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Trail Blazers guard Taze Moore signs with CEBL’s Vancouver Bandits

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VANCOUVER — Taze Moore doesn’t take basketball for granted, so when a unique opportunity to play summer ball came up, he grabbed it.

After playing four NBA games for the Portland Trail Blazers this year, the 25-year-old guard is bringing his skills to the Vancouver Bandits of the Canadian Elite Basketball League.

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Coming to B.C. is another stop in Moore’s quest to secure an NBA contract.

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“I’m almost there,” he said in a phone interview from Dallas, Texas, on Wednesday. “I’m still on my journey, I’m still young.”

The journey has been a winding one.

Hailing from Southaven, Miss., the six-foot-five, 195-pound athlete grew up playing football and street ball before basketball took him to California State University, Bakersfield.

There, Moore shattered bones in his right leg during a fast-break dunk, an injury that threatened to end his athletic career.

“I know the game can be taken away from you at any moment,” he said of the experience. “A lot of people might not know that.”

The next three years were filled with five surgeries, endless rehab and frustrating setbacks, all of which made him more resilient, Moore said.

“I’m just one of those guys where I won’t quit,” he said. “If both legs were broken and we were in a war, I’d try to crawl somewhere. That’s just me.”

Moore transferred to the University of Houston and played for a Cougars side that played in the Elite Eight at the 2022 NCAA men’s basketball tournament. He averaged 10.4 points and 4.9 rebounds that season, and capped it all by winning the NCAA slam dunk contest.

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After going undrafted, Moore turned pro in 2022. He played for the Brooklyn Nets and Dallas Mavericks’ summer league squads, then joined the Rip City Remix, the Trail Blazers’ NBA G League affiliate.

He was called up to Portland twice during the 2023-24 season and put on a show on Sunday, scoring 12 points — including a stunning dunk — and contributing eight rebounds in the Trail Blazers’ regular-season finale.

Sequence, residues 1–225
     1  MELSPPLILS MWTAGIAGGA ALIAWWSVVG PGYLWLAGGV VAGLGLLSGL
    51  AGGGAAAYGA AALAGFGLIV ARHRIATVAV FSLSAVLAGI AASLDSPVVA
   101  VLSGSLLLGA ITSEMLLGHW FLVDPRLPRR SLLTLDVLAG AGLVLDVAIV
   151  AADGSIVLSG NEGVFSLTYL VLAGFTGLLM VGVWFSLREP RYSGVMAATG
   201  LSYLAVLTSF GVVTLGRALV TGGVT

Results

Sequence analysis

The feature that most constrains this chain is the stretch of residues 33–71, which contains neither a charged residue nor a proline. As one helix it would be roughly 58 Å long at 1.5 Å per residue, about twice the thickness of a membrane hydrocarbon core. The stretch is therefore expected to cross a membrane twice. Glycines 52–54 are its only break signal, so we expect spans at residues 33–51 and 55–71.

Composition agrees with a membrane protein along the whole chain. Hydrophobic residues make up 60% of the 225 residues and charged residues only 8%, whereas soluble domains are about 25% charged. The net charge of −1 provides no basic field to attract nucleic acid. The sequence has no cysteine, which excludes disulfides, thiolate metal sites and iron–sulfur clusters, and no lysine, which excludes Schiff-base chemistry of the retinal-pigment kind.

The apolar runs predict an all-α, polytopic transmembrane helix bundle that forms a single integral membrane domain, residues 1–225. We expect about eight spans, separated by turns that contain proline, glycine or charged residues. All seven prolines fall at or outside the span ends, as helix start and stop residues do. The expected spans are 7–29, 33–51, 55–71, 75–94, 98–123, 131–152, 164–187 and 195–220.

Getting a taste of NBA life was full of surreal moments, Moore said.

“You know when you’re a kid and you see people on TV and you never think you’ll talk to them, and then one day you talk to them and they’re actually like normal people? It’s like that,” he said.

Moore found himself slightly starstruck back on Jan. 21 when the Trail Blazers took on LeBron James and the Lakers in Los Angeles.

Going up against the superstar was “surreal,” Moore said.

“Certain people, they have a certain glow, a certain aura about them. That’s him. You see him, there’s like bright lights behind him, music in the background,” he said.

“Where I’m from, people don’t get to see much. So me seeing one of the greats — eye to eye, I’m in his vicinity, he’s in mine — it was great.”

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Now Moore is looking to continue growing his game this summer with the Bandits. He decided to come North after Kyle Julius, Vancouver’s head coach and general manager, reached out.

“It made me feel appreciated,” Moore said, adding that he believes Julius is someone he can learn from.

Moore described himself as an “energy guy” and an aggressive, athletic player.

“I like to kind of muck up the game and make things kind of fun, run around guys and things like that,” he said. “I’m just trying to be a disruptor slash energy guy for the whole season.”

Everyone with the Bandits is “incredibly excited” to work with Moore, Julius said.

“He is one of the best athletes I have ever seen and his overall skillset and feel for the game is even better,” he said. “We think he is the perfect addition to our already strong roster because he will also have the opportunity to be a leader and push us towards competitive greatness.”

The Bandits will open their season with a home tilt against the Montreal Alliance on May 23.

This report by The Canadian Press was first published April 18, 2024.

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